Installing an inverter to
power those hotel loads
just takes planning and

By Jeff Barker
Special to Land Line

With the cost of everything we need to buy increasing with each passing week, many truckers are installing appliances in their trucks to save some dinero, and to eat foods that didn’t come out of a fry vat containing more grease than is on their fifth wheels.

For this to happen, a high quality power inverter will usually need to be installed.

Pick the right inverter
There are a lot of power inverters on the market. Unfortunately, too many of them are of inferior quality and can cause fires.

Better quality power inverters are usually found at RV supply stores and are more expensive. Quality inverters are also less likely to cause noise in your CB radio. In other words, you usually end up getting what you pay for.

You need to choose a power inverter that has a continuous rating (or wattage) which is a bit higher than the total of all appliances that you will be running at the same time, such as your microwave, TV, DVD player, laptop, etc.

It’s important to note that the initial power draw of an appliance when it’s first turned on will be higher than its steady current draw once it’s been on for a few seconds.

Plan out the installation
After purchasing the inverter, the installation will need to be well-thought out. Some prefer to install their inverters in the sleeper area; others install them in the side box under the bunk.

Wherever it is installed, it will need some air ventilation to prevent it from overheating. Most inverters on the market do have a thermal shutdown on them, but they usually don’t cut the inverter off soon enough.

It’s also a good idea to install the inverter away from the cab’s high-traffic area where the occupants move around, because the heat sink fins on most are usually sharp enough to be dangerous.

Once a mounting location is chosen, then the heavy-gauge cables that go directly to the battery box will need to be properly routed. If there is an existing grommet with a vacant space big enough to route both cables through while being out of the way, then great. Otherwise, a hole or holes will need to be drilled and a grommet installed to prevent the cables from rubbing the metal.

Next, you will need to connect the cables to the inverter and then mount it in the desired location. As you feed the cables through the grommets and out to the battery box, you should take up as much of the slack as possible to keep the cables out of harm’s way and prevent them from rubbing on anything. You can use plastic tie straps to secure the cables where needed.

Once the cables have been pulled through the floor and out toward the battery box, keep in mind the range of movement of the air ride cab if your truck is equipped with one. Leave enough slack in the cables, and try to route the cables as far forward as possible so they will have the least movement when the cab suspension moves.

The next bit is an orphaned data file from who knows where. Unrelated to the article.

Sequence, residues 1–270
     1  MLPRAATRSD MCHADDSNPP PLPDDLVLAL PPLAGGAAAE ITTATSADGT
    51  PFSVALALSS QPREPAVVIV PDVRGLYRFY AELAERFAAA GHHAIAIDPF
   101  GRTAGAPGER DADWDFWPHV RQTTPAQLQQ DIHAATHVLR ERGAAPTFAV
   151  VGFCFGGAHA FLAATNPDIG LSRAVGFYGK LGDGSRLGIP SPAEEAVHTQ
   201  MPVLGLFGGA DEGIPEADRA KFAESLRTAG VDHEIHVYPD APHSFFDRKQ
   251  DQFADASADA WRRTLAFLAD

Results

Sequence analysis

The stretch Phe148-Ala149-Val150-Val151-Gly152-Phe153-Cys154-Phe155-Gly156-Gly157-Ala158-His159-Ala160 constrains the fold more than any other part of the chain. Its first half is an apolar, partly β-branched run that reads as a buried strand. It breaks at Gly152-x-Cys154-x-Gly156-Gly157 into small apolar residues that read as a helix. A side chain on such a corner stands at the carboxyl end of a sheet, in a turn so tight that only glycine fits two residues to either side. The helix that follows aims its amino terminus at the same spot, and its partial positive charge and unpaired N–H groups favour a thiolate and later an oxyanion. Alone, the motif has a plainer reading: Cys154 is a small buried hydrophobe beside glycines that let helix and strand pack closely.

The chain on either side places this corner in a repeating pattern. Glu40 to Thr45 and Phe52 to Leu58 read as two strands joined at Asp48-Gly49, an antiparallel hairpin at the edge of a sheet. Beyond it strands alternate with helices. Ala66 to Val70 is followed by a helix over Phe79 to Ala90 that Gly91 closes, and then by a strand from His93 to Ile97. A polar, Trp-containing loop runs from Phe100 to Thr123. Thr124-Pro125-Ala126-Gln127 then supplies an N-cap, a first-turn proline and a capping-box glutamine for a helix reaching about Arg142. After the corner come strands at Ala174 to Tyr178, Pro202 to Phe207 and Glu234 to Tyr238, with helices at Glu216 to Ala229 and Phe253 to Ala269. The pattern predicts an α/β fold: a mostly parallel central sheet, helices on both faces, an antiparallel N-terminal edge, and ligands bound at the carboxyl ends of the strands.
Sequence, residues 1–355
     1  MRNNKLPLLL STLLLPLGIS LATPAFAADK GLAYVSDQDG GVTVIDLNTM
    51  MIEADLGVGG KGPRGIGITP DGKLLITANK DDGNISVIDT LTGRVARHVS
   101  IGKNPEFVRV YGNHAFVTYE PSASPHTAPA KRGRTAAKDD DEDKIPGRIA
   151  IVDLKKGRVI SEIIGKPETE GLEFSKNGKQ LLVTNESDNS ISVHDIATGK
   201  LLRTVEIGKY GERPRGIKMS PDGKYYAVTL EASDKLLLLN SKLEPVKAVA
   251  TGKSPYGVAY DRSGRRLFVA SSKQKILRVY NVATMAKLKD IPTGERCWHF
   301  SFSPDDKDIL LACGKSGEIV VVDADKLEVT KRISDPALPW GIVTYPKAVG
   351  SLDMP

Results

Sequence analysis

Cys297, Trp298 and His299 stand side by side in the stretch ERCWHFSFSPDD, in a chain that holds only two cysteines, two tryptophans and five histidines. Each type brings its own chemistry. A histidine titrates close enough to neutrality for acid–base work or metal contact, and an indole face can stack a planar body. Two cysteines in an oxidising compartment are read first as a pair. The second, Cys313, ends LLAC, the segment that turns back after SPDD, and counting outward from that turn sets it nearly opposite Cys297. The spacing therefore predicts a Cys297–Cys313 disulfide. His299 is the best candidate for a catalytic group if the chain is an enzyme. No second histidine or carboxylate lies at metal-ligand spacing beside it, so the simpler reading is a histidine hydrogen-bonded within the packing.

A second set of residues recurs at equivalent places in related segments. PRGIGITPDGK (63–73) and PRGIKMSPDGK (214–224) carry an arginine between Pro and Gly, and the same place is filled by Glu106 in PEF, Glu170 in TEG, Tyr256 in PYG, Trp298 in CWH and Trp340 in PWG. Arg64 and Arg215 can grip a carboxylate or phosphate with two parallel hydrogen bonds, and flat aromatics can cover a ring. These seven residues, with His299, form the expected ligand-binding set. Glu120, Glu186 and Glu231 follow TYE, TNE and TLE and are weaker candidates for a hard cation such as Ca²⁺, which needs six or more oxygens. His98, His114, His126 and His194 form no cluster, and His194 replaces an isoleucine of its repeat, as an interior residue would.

Be sure they are not rubbing against anything. Insulate the cables with some heater hose to further prevent rubbing on the frame or undercarriage area, and secure them when possible. Locate a grommet going into the battery box to run the cables through the housing.

Connect the negative cable, but do not connect the positive cable directly to the battery terminal. You will need to have a suitable inline fuse or a circuit breaker, which can be found at an RV parts store. Install it on a positive post before connecting the cable to it.

If it looks like you’re trying to weld when you attempt to hook up the cables, something is wrong. Check the polarity at the connection to the inverter itself, and be sure no wiring is rubbed through anywhere.

Before connecting any appliances, get a surge protector to protect them. Put it in a desired location in the sleeper or cab so it’s accessible when needed.

Now that we should be able to use a microwave and such, be sure to have a power source running such as an auxiliary power unit or the truck’s engine – if you don’t have a gen set or APU. This will protect your starting batteries from premature failure.

Editor’s note: This article is for information purposes only. If you’re not sure about performing the installation work yourself, it’s advisable to seek the help of a competent professional.

Jeff Barker is an OOIDA member and a former certified diesel mechanic. He may be reached at

Jeff Barker is Co Administrator in